Martyn celebrates his 100th column for 220 by reporting on yet another failed attempt for sporting glory
Brunty celebrates his 100th 220 column
Dear long-suffering reader, it is my solemn duty to tell you that together we have reached a major endurance milestone – because this is my 100th column in 220.
Achievement of this astonishing feat of durability by everyone who has read my witterings over the years, may not be quite up there with a finishing an Ironman or off-brand equivalent, but you probably still deserve some sort of medal – or in the proper tradition of tri, a plastic bag full of leaflets, a bottle of water and a banana.
Being in the public eye has obviously had a dramatic impact on my athletic performances because in the years since I started this column I’ve done one world championship, two European finals, six Ironmans, 28 half-Ironmans, 33 Olympicdistance races, two sprint tri’s and won the grand total of TWO whole medals – one for coming second in my age-group at a new middledistance race which hadn’t caught on yet, and one for a win at a standard-distance race when there was literally no one else born in the same decade as me.
So what have I learned? Well if my recent appearance on the world stage was anything to go by, absolutely nothing. Me and world stages have clashed before, and it’s never gone well. Readers may remember my memorable showing at the World Tri Championships in Nevada when the only people I finished ahead of were an Australian who was so heavy he could have smothered a buffalo and a Canadian who did the run wearing Speedos and ran the whole 30km right behind me.
But being horribly exposed as a gammon-faced chancer among proper athletes didn’t put me off having another crack at world dominance which is why, a few weeks ago, I was lined up on the shores of Hungary’s Lake Balaton, alongside 250 of the best openwater swimmers on the planet, for the World Masters Swimming Champs. I cut a singular figure in this lakeside crowd, looking like something that was hiding from the Ghostbusters, but imbued with natural triathlon confidence I just disregarded this drawback and thought ‘3,000m swim? Is that all? Let’s bung a bike and run on the end and see how you get on!’
Any pre-race nerves I had from being in a world final were initially quelled by spending an entertaining 20 minutes watching a fat Argentinian bloke trying to get into a very tight racesuit only to rip it straight up the arse. But the nerves returned with a vengeance when we stood on the start pontoon to dive in, because the water was pounding us like a right hook from Ben Stokes. High winds had turned the lake into a boiling mass of tsunamis and I was feeling suddenly underequipped with no wetsuit buoyancy to make up for my pathetic leg kick.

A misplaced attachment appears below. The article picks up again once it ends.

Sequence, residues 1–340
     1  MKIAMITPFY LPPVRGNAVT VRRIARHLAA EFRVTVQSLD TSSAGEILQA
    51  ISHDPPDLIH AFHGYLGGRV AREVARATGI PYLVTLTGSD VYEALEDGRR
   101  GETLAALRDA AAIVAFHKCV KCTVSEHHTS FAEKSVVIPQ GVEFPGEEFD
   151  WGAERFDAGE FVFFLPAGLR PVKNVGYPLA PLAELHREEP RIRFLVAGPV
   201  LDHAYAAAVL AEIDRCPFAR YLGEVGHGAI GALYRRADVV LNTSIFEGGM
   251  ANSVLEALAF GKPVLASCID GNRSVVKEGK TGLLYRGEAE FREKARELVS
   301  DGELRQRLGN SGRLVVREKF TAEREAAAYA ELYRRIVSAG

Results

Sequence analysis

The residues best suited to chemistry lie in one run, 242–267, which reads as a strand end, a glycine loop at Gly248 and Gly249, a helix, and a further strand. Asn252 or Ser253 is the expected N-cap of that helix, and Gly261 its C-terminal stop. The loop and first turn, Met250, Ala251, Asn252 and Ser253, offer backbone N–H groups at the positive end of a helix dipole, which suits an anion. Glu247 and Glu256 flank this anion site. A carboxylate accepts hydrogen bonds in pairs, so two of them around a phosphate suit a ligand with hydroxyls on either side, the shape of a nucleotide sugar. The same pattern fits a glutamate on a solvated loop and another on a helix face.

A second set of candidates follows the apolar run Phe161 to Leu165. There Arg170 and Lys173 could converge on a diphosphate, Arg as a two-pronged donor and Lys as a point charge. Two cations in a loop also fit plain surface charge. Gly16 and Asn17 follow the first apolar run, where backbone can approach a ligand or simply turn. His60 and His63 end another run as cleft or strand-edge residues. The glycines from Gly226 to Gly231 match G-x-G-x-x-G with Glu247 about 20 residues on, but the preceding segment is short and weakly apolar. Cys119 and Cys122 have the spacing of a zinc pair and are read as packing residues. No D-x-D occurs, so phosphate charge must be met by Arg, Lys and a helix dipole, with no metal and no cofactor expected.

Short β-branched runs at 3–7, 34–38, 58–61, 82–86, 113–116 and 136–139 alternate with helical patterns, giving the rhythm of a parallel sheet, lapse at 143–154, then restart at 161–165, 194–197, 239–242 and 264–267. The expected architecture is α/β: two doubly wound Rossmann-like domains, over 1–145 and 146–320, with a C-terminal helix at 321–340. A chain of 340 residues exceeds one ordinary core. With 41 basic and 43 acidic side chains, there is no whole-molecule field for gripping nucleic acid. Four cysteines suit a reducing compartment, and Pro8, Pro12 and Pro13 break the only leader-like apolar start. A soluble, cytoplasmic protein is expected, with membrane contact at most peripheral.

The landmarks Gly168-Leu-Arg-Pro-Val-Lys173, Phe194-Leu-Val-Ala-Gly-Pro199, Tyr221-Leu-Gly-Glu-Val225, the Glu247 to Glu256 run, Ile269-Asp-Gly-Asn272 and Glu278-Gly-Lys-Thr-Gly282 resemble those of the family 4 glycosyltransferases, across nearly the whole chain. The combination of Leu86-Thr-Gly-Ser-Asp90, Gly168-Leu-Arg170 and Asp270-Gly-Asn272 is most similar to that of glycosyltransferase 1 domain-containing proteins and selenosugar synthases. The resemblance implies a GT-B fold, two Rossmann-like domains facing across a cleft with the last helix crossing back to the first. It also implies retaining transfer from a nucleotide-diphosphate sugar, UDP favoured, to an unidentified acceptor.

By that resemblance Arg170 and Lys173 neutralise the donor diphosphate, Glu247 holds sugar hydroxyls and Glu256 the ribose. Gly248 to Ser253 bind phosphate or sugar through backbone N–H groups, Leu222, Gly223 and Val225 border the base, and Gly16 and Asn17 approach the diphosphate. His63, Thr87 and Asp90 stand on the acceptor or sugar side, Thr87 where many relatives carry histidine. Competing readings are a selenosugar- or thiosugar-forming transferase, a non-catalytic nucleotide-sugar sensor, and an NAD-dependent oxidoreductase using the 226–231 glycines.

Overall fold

What followed was easily the hardest swim I have ever done in my life. Apart from being repeatedly smacked in the face by waves, I got lost twice due to not being able to see the buoys over the swell, and pushed off course by the current so often I almost reached Bulgaria.
If triathlon has given me one thing, though, it’s the persistence of a skidmark, and I flopped and lolloped my way through the maelstrom towards the finish, finally lurching under the boom in 67th place. Clearly I hadn’t been alone in finding it a taxing experience and as well as the swimmers still out there toiling or officially recorded as lost-at-sea, the change tent resembled a clown abattoir with broken swimmers lying about swearing in a rich variety of languages. For my part, I was too busy wondering where my bike was before I came to my senses.
So there we are, another race and another no-medal. But, as we all know, it isn’t the winning that counts, or even the taking part, it’s making sure you emerge from the race with photos that don’t make you look like a kneecap filled with beans. Thanks for staying with me over the past 100 columns, and next month for my 101st I’ll be putting all the things I dislike most into My Triathlon Room 101 – starting with swim races.
“If tri has given me one thing, it’s the persistence of a skidmark”
Martyn is tri’s foremost average athlete and is living proof that hours of training and endless new kit are no substitute for ability.